Ahead of Earnings, Cisco Stays Afloat in a Sinking Dow

Ahead of Earnings, Cisco Stays Afloat in a Sinking Dow

Although we don't believe in timing the market or panicking over daily movements, we do like to keep an eye on market changes -- just in case they're material to our investing thesis.

The markets are taking a hammering today, and the Dow Jones Industrial Average is right in the thick of things. As of 2:25 p.m. EDT the blue-chip index has fallen about 111 points, with most of its member stocks in the red. Cisco has managed to resist the Dow's plunge as investors anticipate the company's earnings release later today. However, many of its fellow blue-chippers aren't having such a lucky day. Let's catch up with what you need to know.

Cisco powers up for earnings
Cisco's shares have hung flat for most of the day, but the real news will break after the closing bell, when the company will report its fourth-quarter earnings. Analysts are expecting a strong close-out for the company's fiscal year, estimating that revenue will rise by 6% and earnings will increase 8.5% year over year for the quarter.

By comparison, Cisco put up strong numbers in the third quarter when it reported back in May. The firm's switching products didn't sell as well as they had a year ago -- a troubling trend for the company's largest products division, where sales dropped 1.7% year over year. However, Cisco's focus on providing for data centers has paid off in a big way. Data center product sales picked up by 77% in the third quarter, and the segment's on pace to exceed the $1 billion mark in sales for the full year.

Keep an eye on Cisco's North American sales. The company made nearly 59% of its total sales from North America through the first nine months of the year, increasing its reliance on the continent for its revenue by 1.9% year over year. Meanwhile, Cisco's European, Middle Eastern, and African sales have lagged as Europe's economy has remained stuck in neutral. Total sales derived from the region fell to 25% of the company's overall revenue from 27% a year ago through the first nine months of the year, and it's likely that the trend will continue, considering Europe's ongoing economic troubles.

Cisco's having a stable day, but that can't be said for most of the Dow. Johnson & Johnson's being hammered today despite little news on the stock. Shares of the diversified health giant are down about 2.4% to rank among the Dow's leading laggards.

Yet is today's drop any more than an inevitable pullback on a day when most stocks are down? J&J's shares have performed exceptionally well over the course of the year, gaining more than 31% year to date. While the company's medical-device division has seen hard times recently -- excluding its surging orthopedics division, the segment's sales growth has fallen flat -- J&J's pharmaceutical sales are flying as high as ever.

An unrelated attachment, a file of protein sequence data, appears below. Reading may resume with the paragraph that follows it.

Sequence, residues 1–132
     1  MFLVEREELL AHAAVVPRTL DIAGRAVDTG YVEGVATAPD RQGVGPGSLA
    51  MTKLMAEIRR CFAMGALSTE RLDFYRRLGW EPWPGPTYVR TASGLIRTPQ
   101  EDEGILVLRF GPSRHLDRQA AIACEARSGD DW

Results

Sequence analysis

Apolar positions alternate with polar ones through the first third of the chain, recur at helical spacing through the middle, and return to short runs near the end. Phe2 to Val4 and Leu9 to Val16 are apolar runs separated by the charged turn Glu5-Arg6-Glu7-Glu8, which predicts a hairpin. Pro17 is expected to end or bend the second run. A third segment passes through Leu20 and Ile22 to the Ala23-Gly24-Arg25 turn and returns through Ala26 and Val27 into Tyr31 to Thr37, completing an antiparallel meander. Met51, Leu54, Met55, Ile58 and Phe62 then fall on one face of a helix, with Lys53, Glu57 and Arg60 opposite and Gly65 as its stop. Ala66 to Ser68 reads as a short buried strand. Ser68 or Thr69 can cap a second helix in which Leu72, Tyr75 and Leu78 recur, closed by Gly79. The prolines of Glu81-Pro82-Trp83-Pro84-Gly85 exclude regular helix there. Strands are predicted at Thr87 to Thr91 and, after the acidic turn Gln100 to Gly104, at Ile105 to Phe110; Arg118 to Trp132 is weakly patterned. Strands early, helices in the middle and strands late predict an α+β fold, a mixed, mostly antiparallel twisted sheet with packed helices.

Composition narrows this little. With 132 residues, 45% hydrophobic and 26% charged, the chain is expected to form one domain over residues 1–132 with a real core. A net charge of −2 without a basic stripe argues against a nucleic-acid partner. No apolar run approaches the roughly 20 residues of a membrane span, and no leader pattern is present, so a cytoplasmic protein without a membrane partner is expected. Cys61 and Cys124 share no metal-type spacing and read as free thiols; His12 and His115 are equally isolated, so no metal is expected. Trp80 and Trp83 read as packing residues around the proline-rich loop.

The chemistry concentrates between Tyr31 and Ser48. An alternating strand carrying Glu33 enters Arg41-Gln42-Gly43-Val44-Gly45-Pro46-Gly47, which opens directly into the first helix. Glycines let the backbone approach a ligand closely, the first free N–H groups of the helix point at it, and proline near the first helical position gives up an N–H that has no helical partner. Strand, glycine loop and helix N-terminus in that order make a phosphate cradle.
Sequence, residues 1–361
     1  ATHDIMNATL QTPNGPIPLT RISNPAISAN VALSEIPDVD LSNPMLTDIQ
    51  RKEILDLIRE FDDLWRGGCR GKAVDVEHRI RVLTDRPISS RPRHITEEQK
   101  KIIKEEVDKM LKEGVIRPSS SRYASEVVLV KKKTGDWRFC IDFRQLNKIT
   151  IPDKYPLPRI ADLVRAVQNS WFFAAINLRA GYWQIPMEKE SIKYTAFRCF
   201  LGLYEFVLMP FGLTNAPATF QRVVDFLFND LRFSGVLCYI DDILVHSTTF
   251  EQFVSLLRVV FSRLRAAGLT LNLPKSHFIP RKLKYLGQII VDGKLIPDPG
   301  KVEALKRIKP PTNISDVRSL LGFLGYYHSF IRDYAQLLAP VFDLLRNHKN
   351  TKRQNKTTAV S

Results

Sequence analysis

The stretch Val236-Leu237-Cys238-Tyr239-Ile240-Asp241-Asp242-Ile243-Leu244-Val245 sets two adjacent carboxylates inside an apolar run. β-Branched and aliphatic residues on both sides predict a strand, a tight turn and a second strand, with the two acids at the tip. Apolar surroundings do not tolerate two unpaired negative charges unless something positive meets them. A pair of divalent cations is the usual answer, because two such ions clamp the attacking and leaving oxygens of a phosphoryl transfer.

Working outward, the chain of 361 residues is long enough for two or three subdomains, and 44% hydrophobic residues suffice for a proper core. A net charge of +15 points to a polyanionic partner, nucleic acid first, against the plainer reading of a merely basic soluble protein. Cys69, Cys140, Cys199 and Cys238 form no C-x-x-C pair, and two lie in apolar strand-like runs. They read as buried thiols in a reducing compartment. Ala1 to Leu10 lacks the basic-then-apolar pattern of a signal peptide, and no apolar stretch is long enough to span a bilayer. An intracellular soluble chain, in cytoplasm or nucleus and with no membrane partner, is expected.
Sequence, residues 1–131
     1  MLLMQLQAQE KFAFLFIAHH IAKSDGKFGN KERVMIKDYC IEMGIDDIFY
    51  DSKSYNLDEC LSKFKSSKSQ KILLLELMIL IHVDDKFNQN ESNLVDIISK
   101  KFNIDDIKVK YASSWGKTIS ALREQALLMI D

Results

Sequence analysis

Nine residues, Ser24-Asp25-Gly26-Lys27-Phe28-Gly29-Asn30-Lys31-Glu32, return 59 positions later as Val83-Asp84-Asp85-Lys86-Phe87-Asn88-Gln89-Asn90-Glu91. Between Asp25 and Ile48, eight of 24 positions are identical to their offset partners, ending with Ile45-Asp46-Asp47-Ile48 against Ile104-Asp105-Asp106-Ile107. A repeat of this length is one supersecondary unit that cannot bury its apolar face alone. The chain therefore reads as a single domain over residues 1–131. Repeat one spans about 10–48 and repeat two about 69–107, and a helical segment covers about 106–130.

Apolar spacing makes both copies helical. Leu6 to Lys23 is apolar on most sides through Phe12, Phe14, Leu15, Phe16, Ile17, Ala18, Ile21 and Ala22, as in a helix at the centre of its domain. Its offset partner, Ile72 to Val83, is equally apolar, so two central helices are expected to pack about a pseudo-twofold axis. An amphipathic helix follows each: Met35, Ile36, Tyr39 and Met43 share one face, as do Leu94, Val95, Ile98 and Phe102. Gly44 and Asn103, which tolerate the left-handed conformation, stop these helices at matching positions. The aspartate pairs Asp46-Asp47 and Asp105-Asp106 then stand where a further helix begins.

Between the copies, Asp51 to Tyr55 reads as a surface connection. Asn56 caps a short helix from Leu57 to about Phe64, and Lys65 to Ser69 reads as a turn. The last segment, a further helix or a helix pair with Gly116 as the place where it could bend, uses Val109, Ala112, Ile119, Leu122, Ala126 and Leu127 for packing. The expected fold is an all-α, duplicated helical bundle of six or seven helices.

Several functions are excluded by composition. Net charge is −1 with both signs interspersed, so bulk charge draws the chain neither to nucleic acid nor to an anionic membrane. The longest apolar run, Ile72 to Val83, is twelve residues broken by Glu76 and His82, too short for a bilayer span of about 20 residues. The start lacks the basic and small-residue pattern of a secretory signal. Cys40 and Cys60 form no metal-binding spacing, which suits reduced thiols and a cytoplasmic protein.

J&J's steady blockbuster immunology drug, Remicade, hasn't slowed down at all despite being one of the best-selling drugs on the market. The therapy pulled in 7.5% sales growth over the first six months of the year and is on pace to exceed $6 billion in sales for the company by the end of the fiscal year. Meanwhile, up-and-coming oncology stars Zytiga and Velcade are both on the way to becoming blockbusters by the end of the year, as each has posted more than $700 million in sales over the first half of 2013. For Zytiga, that success owes to revenue growth of more than 70% for the first half.

J&J might be down today, but don't count on hard times overall for this standout medical giant.

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The article Ahead of Earnings, Cisco Stays Afloat in a Sinking Dow originally appeared on Fool.com.

Fool contributor Dan Carroll has no position in any stocks mentioned. The Motley Fool recommends Cisco Systems and Johnson & Johnson. The Motley Fool owns shares of Johnson & Johnson. Try any of our Foolish newsletter services free for 30 days. We Fools may not all hold the same opinions, but we all believe that considering a diverse range of insights makes us better investors. The Motley Fool has a disclosure policy.

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Originally published